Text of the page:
Re: To fight global warming, we also need to rethi

transit patterns have for some time been catching up with other types of pollutants. Correct me if I'm wrong but I do believe that car usage is the #1 overall pollutant in the U.S.

In any regard, it's quite sad how some cities have fared in recent years in regards to providing reliable, clean  and safe coverage.

Chicago for the better of 3 years now has been fighting severe service cuts at a time when ridership has increased by over 100k riders per work day. A good deal of the system's rail is decaying which allows for a maximum of 15 mile per hour trains where they should be cruising at speeds of over 70mph.

The latest idea to allow for people to actually be able to board overcrowded trains is to tear the seats out of some rail cars. Most world cities would resort to more service, not creating cattle cars.

New York's system has seen another budget cut of $61 million this year.

by alex100 2008-07-19 04:42AM | 0 recs
Re: To fight global warming
This past week Neil Young was on Letterman and Charlie Rose...New movie coming out.. A major project he is now involved  is fuel efficient big engines...Here is the Rose Show where he talks about it..
http://www.charlierose.com/shows/2008/07 /17/1/a-conversation-with-neil-young
by nogo postal 2008-07-19 05:06AM | 0 recs
by nogo postal 2008-07-19 05:09AM | 0 recs
by nogo postal 2008-07-19 05:12AM | 0 recs
Re: To fight global warming, we also need to rethi
tax incentive for companies to move towards tele-commuting.  It's rediculous the smount of energy we expend moving folks from home to a cube farm where they sit in front of a monitor all day, or moving business people to meetings around the country when the same work could be accomplished through tele-conferencing.
the structure of work has not adapted to and capitalized fully on the digital revolution.  Folks driving to an office is like still beating our clothes on a rock.
And don't get me started on printing out forms on paper so people can fil them out because Excel is scary.
by grassrootsorganizer 2008-07-19 05:15AM | 0 recs
I'll look forward to your post at FDL

It will also help if we get a handle on sprawl. It's not even economically viable--the homes in the outermost suburbs have lost more of their value than homes closer to city centers. I can't find the link right now, but I saw it recently.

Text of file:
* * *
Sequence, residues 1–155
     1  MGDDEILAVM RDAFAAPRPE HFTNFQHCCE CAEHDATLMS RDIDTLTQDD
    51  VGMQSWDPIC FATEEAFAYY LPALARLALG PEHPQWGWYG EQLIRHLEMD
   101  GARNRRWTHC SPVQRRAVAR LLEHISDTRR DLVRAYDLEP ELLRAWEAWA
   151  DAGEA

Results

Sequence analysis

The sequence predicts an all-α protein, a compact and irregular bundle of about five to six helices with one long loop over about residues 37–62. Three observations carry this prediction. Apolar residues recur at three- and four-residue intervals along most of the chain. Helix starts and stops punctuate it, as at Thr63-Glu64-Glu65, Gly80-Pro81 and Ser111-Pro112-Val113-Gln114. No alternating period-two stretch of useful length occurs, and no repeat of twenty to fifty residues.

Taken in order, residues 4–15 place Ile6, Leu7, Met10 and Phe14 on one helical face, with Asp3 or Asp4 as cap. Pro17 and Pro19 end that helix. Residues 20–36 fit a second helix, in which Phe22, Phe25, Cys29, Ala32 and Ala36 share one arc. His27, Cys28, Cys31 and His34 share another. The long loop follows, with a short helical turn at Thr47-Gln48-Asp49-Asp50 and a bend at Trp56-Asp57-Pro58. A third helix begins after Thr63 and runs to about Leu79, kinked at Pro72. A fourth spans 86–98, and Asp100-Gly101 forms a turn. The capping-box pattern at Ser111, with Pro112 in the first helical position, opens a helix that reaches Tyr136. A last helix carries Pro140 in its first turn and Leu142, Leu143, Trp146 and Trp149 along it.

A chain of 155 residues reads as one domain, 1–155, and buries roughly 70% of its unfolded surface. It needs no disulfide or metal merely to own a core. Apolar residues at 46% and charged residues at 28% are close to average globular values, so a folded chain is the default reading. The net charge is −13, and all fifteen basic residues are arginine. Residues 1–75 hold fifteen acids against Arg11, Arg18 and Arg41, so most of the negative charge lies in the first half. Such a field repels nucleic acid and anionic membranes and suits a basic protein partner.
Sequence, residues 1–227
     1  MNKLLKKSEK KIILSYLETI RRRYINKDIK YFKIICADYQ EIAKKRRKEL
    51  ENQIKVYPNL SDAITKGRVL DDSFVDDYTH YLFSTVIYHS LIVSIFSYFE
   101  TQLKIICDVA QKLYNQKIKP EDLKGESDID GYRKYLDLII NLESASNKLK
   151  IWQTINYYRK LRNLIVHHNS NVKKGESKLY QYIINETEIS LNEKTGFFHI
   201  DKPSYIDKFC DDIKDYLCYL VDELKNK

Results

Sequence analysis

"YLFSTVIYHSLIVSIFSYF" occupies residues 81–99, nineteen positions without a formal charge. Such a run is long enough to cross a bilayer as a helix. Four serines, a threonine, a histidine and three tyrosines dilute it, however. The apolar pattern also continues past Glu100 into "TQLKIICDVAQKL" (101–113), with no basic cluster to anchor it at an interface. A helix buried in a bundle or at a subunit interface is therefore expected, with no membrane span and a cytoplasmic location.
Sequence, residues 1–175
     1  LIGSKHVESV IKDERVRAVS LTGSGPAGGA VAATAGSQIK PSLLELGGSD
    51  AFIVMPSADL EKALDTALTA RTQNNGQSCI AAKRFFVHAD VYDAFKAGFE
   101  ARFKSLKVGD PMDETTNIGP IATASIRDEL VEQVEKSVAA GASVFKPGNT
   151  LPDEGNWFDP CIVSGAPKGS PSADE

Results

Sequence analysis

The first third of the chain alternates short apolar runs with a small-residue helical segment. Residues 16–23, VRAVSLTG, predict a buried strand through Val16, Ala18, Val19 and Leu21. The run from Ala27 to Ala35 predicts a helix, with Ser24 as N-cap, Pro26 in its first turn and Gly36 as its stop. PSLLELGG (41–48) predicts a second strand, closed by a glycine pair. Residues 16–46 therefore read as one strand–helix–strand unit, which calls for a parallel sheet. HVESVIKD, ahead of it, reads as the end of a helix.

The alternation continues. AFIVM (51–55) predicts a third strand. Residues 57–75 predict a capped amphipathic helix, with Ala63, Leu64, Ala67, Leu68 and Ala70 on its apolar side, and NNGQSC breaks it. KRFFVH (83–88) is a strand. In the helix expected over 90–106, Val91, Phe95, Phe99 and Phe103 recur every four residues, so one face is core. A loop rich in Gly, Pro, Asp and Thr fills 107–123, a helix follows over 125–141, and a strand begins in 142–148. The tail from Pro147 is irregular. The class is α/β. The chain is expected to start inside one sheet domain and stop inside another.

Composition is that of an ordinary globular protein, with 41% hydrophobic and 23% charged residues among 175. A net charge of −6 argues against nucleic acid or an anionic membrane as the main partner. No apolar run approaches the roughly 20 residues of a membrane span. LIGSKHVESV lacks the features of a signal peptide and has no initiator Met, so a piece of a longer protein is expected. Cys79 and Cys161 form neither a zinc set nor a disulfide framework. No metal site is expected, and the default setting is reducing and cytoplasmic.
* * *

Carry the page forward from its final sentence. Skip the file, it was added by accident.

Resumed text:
by desmoinesdem 2008-07-19 05:30AM | 0 recs
Gore never mentions the Livestock Industry either.

It actually contributes more greenhouse gases than the transportation industry, according to the UN.

http://www.fao.org/newsroom/en/news/2006 /1000448/index.html

by Bush Bites 2008-07-19 09:38AM | 0 recs
Need to rethink land policy

More development should be subsidized in mass transit centers and walkable neighborhoods which will reduce or minimize the need to drive, whether they be in cities or in suburban poles.  Part of this requires a psychological shift - people willing to embrace denser, multilevel neighborhoods.  In terms of the reductions in household transportation costs the end result would benefit residents as well as the environment.

by Mr DC 2008-07-19 10:35AM | 0 recs
Re: Need to rethink land policy

I agree completely, and if you haven't read the Growing Cooler report, it's right up your alley.

There is a lot of demand for housing in these compact, walkable neighborhoods. In many communities the homes in the more walkable, transit-accessible neighborhoods have held their value better than the far-flung suburban homes.

In the Des Moines, the downtown area has a lower vacancy rate for apartments than any other neighborhood, including the suburbs.

We need to do a better job of educating city officials about the benefits of mixed-use development (which is too often prohibited by zoning ordinances).

Developers are often afraid to take a chance on building this kind of housing. It's easier to build a cookie-cutter subdivision like everyone else.

In Iowa, the Center on Sustainable Communities (http://www.icosc.com) tries to educate developers about green building practices.

by desmoinesdem 2008-07-19 04:46PM | 0 recs
COAL is public enemy #1

Coal based electrical generation is by far the #1 problem moving forward, and unfortunately, the economic incentives all point toward using more coal unless we change government policies. For transportation, on the other hand, drivers already have a big incentive to reduce miles driven. Gas is just under $5 gallon where I live, and will likely go up more.

COAL, COAL, COAL -- that is the big political struggle that we have ahead.

by Mark Wallace 2008-07-19 08:23PM | 0 recs
tell me about it

In Iowa the Democrats on the state utilities board voted to approve an application for a new coal-fired power plan near Marshalltown:

http://www.bleedingheartland.com/showDia ry.do?diaryId=1333

Unfortunately, Iowa Utilities Board chairman John Norris appears to be convinced that we won't be able to meet our baseload needs without new coal or nuclear power, and since no one wants to build nuclear in Iowa, he is inclined to approve of new coal plants:

http://www.bleedingheartland.com/showDia ry.do?diaryId=1497

Norris is on the DNC's platform committee, so if anyone knows someone else who will be on the platform committee in Denver, please encourage that person to give Norris a nudge in the Al Gore direction.

by desmoinesdem 2008-07-20 07:15AM | 0 recs